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Tracce Sulla Cenere

Tracce Sulla Cenere

Written by Andrea Umberto Origlia | Review by Prarthana Mitra

[dropcap]T[/dropcap]racce sulla Cenere, roughly translating to Traces on Ash is a short Italian thriller directed by Andrea Umberto Origlia. This year’s Best Short Film at the Cult Critic Movie Awards, Tracce sulla Cenere, charts the course of an open case of high-profile crimes, seemingly connected but forever elusive to the police.

Enter, consulting detective Rob and his sidekick Dav. Together, they run from pillar to post—meeting sinister men in abandoned buildings, tracking down dead scientists, following paper trails—to get to the bottom of the case. Roberto Origlia plays the protagonist with a nuanced understanding of his internal struggles, which he emotes with dramatic responses in scenes that demand it.

Rob’s flair for sleuthing is apparent from the very start, as he strives relentlessly to catch the killer responsible for innumerable and gruesome deaths around the city. But he also lives the unenviable life of a parent whose child’s dying before his own eyes. As a helpless and devoted father, Rob watches his daughter Chiara wither away to a rare genetic disorder, and his wife unable to cope with it. His personal troubles, however, directly conflict his role as a private investigator when he finds that the two may be linked.

Sergio Origlia as the criminal mastermind delivers a particularly compelling performance. Playing a psychopath in a short film with very little screen time is no cakewalk. But it is him who voices at a critical moment what is possibly the best line in the film – Justice requires acts that overturn the nature of the world in which they’ve got used to living.

The dialogues were penned by Roberto Origlia and Davide Natali, who also play the lead roles Rob and Dav, and their camaraderie stays loyal to the trope of detective and his partner-in-fighting crime. Although the film falls in the generic brackets of a crime/thiller/detective/mystery, Andrea also seems to have been influenced by Matteo Garrone’s films on contemporary crime syndicates, and the elaborate ritual of killing popularised by provocateurs like Nicolas Winding Refn. While the film ends on a positive note, the mystery is sustained till the very last shot. With brilliant use of camera movements, angles, and the mise-en-scene, Andrea is able to give shape to the winding but fast-paced narrative.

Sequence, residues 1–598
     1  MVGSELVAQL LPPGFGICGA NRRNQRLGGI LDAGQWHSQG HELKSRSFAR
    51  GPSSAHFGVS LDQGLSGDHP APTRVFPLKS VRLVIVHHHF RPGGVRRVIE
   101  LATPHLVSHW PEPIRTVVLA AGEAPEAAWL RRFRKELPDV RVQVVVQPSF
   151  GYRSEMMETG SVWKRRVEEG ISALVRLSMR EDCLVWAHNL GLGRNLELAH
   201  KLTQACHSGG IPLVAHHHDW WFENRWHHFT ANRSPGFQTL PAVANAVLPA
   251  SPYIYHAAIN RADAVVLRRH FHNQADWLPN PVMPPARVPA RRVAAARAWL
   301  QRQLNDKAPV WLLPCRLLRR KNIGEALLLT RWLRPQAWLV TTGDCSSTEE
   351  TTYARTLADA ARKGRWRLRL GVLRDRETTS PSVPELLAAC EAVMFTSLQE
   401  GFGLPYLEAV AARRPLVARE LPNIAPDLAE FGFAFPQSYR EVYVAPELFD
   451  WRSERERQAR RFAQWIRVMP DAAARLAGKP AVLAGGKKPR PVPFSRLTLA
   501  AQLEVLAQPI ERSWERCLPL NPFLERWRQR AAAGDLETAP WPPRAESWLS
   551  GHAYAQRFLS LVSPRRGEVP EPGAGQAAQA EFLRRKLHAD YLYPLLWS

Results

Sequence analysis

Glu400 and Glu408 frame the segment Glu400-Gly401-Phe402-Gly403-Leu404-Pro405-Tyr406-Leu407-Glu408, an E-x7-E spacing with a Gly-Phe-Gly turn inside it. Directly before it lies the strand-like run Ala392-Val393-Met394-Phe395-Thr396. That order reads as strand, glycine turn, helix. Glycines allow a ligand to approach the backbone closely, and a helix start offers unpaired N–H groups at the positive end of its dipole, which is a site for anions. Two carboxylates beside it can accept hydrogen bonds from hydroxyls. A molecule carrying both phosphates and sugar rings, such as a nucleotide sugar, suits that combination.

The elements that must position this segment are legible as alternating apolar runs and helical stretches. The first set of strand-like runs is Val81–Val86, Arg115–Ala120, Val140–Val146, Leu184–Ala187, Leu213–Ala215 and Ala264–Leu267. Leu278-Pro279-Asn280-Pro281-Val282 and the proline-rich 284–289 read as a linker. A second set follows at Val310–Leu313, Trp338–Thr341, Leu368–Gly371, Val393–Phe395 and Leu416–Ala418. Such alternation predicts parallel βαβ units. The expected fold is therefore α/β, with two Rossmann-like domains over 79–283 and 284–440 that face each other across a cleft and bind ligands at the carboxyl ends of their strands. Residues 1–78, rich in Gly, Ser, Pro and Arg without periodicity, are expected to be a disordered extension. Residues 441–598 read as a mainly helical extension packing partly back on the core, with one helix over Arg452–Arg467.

For a film just thirty minutes long, Tracce sulla Cenere offers well-rounded entertainment with a rare finesse and understanding of audience memory. Packing a lot of punches, mystery, drama and melodrama as it goes, it blends all the crime, intrigue and gore, with a rare glimpse into the darkest depths of human mind.



Prarthana is presently in between odd jobs and obtaining her master’s degree in literature. She loves modern poetry and meditative cinema. Based out of Calcutta, Prarthana observes people, football, films and enjoys writing about all three. Of late, she relates to Frank Ocean’s music. Her writing experience consists of writing for various sites such as Try Cinema, The Indian Economist, Doing The Rondo, Saintbrush and various academic journals.

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